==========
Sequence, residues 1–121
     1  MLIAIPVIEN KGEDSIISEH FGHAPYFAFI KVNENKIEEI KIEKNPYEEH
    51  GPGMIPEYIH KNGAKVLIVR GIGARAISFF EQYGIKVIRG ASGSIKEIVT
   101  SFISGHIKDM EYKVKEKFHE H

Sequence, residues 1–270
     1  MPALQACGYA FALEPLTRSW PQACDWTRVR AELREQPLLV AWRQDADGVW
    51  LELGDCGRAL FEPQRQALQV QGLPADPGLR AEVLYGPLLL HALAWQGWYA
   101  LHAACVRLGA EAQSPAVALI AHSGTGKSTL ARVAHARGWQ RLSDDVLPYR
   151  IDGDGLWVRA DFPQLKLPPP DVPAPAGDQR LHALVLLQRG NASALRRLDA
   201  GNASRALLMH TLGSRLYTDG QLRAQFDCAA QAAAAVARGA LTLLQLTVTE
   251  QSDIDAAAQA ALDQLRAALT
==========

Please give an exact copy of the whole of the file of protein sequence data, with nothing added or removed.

Sequence, residues 1–121
     1  MLIAIPVIEN KGEDSIISEH FGHAPYFAFI KVNENKIEEI KIEKNPYEEH
    51  GPGMIPEYIH KNGAKVLIVR GIGARAISFF EQYGIKVIRG ASGSIKEIVT
   101  SFISGHIKDM EYKVKEKFHE H

Sequence, residues 1–270
     1  MPALQACGYA FALEPLTRSW PQACDWTRVR AELREQPLLV AWRQDADGVW
    51  LELGDCGRAL FEPQRQALQV QGLPADPGLR AEVLYGPLLL HALAWQGWYA
   101  LHAACVRLGA EAQSPAVALI AHSGTGKSTL ARVAHARGWQ RLSDDVLPYR
   151  IDGDGLWVRA DFPQLKLPPP DVPAPAGDQR LHALVLLQRG NASALRRLDA
   201  GNASRALLMH TLGSRLYTDG QLRAQFDCAA QAAAAVARGA LTLLQLTVTE
   251  QSDIDAAAQA ALDQLRAALT